Last week, a letter to the editor in the New York Times caught my eye. I wish I'd saved it, but I didn't, so I'm depending on my frequently faulty memory. The letter was from a woman who, as I recall, admitted to being at least in her 50s and still--perhaps determinedly--single. She didn't like being referred to as "Ms.," and she resented the acceptance of the use of Ms. by the New York Times style arbiters. (Ms. can be spelled with or without a period following it. The Times' style is with a period. On the theory that, unlike Mr. and Mrs., Ms. is not an abbreviation, but a word in itself, I prefer to omit the period. It is surely one of the shortest vowel-less words in the language.
When the New York Times finally accepted Ms. as a form of address, it made news, and feminists rejoiced at this successful storming of a tenacious bastion of stylistic sexism. This woman, however, had always been content to be known as Miss Jones (I don't remember her real name). Reading between the lines, I sensed, rightly or wrongly, a bit of defiance, as though she were saying, "I'm proud to proclaim myself an unmarried, independent Miss!"
She said that she thought Ms. was ugly, adding that it sounds like a Bronx razz. "A Bronx razz" is new to me. Maybe a fusion of "Bronx cheer" and "raspberry," which mean the same thing. Not a bad name, but I'm baffled as to how Ms. sounds like that classic blast of derision. The Bronx cheer is impossible to render in letters, I think. It's one of those sounds that cannot be spelled. In the comic strips it used to be something like "Br-r-r-a-a-a-ack!," which doesn't really make it. I think Ms. must be very low on my own list of possible spelled-out versions of a Bronx cheer.
What Ms. has always made me think of is a tall, lean handyman named Tex, who used to do odd jobs around our town when I was a boy. Although he was known as Tex, I'm pretty sure he wasn't a Texan. He did wear a cowboy hat, and he had a vaguely Southern way of speech, when he spoke at all, which was seldom. I had a feeling his deck lacked most of its face cards. But in my childhood, he, more than any other, was the one with whom I associated the very common pronunciation "Miz" for "Mrs." He used to drawl out things like, "Miz Mi'l'ton, ah got the leaves rake up. Wan' me to start a bom-far?"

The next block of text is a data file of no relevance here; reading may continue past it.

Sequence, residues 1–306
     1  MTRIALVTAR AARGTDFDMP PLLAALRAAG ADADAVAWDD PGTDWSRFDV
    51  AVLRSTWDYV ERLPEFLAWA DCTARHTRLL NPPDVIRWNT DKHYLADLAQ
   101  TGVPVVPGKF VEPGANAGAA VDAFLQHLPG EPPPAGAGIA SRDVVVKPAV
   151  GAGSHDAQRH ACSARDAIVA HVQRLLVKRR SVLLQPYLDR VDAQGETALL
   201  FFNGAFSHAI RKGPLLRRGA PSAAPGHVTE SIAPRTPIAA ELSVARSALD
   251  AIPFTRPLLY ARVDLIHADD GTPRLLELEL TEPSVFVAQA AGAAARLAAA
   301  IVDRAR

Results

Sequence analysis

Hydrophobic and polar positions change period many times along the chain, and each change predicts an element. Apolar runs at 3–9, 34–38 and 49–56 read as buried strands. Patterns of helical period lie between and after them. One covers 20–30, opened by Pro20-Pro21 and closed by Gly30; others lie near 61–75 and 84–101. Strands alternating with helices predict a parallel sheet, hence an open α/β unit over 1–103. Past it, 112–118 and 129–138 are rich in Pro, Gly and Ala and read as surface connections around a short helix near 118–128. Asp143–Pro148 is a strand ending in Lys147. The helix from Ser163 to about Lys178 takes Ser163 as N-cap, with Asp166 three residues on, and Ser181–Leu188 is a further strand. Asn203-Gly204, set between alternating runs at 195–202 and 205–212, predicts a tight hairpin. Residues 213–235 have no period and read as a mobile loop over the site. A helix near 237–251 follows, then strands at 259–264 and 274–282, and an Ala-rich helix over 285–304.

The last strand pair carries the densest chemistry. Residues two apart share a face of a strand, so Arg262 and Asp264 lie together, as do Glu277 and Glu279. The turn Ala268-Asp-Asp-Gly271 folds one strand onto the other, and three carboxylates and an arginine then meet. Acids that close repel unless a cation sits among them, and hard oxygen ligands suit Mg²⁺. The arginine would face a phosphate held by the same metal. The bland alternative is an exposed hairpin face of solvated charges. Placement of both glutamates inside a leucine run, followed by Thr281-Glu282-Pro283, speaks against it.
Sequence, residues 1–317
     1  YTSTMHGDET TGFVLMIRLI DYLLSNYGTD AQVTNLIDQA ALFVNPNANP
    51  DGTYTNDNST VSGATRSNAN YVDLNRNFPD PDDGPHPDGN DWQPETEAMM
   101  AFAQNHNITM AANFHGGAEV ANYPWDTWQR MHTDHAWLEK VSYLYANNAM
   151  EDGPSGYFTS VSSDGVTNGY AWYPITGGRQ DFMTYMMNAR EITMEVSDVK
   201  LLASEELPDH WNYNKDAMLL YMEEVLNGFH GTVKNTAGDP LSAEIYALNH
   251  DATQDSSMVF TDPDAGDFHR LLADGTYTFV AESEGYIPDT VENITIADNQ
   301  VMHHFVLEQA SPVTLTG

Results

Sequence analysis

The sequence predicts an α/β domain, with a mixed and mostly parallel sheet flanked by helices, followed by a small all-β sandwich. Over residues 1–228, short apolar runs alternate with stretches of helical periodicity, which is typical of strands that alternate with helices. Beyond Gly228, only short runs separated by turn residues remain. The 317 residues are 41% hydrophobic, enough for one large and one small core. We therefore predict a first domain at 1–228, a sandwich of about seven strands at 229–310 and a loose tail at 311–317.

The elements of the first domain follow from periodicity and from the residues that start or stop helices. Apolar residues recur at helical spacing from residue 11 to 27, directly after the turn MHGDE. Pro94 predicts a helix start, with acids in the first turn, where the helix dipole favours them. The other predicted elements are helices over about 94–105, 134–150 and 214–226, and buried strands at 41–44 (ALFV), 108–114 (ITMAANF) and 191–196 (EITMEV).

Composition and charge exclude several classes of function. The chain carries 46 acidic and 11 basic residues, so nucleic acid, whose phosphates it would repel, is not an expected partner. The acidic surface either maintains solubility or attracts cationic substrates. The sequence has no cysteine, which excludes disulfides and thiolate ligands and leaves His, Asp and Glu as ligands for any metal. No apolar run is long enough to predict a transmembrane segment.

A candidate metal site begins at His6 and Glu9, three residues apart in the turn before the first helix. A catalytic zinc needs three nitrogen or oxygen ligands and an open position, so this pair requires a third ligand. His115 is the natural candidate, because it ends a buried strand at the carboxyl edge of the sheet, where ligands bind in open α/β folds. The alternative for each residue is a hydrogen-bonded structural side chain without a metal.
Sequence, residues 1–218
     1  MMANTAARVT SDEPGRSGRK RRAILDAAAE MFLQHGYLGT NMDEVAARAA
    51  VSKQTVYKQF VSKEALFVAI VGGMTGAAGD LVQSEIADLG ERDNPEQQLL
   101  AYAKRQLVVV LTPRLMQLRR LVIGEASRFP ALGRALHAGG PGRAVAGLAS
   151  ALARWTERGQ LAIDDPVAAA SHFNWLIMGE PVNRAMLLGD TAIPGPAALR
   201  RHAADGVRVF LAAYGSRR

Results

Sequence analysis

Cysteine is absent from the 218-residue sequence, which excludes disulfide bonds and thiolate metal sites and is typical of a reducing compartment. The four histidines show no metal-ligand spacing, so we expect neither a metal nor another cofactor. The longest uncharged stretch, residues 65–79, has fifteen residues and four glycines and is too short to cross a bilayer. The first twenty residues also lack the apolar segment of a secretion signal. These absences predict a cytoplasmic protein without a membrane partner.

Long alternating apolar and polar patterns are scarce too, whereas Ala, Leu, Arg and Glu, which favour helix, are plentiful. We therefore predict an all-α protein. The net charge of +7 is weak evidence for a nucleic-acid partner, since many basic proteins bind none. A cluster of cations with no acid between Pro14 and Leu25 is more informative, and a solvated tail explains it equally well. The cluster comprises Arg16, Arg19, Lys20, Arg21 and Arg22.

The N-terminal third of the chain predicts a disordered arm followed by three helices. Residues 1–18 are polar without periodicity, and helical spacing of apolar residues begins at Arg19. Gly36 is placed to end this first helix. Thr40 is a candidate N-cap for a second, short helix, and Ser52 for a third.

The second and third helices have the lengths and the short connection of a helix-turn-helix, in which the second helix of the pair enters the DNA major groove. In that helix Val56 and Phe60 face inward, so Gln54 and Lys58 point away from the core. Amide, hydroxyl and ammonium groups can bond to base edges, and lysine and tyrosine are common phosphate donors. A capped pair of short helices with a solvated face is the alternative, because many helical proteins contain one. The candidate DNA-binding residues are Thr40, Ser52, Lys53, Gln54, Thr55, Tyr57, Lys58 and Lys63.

I was fully sympathetic with the search for an alternate designation to Miss and Mrs. I always sensed an injustice in the notion that women were expected to reveal their marital status by their courtesy title, whereas men were not. But now that we have the new word, it has become ever more difficult to know how to address a woman whose preference one isn't aware of. Miss Jones is not at all unique in her dislike of Ms. I haven't taken any polls, but I know there are many women, and not all of them in their middle years, who object to it. I can tell from the amount of correspondence I get whose return addresses are clearly designated Miss or, more often, Mrs., frequently with the title underlined.
It seems to me that the French have a rather graceful solution to the problem of women's courtesy titles. A young unmarried woman is referred to as "Mademoiselle." When she attains an unspecified but recognizable maturity, she--married or not--is called "Madame," on the assumption, presumably, that anyone with her beauty and charm must be married or at least have been married by the age of about 25. Like most codes of conduct that make life run more smoothly, this rule cannot be hard and fast. The French are generally too smart to get rigid about as sensitive a social issue as the proper title for a woman. Leaving the title discretionary gives the gallant gentleman the opportunity to express flirtatious amazement when he discovers that the 40-year-old object of his attentions whom he has just called "Mademoiselle" is actually more than 18 years old.
I think Ms. is a valuable addition to the language and the culture, but I doubt that it will ever elbow Miss and Mrs. out of the picture, and I'm enough of a traditionalist to be glad Ms. hasn't altogether swept the field.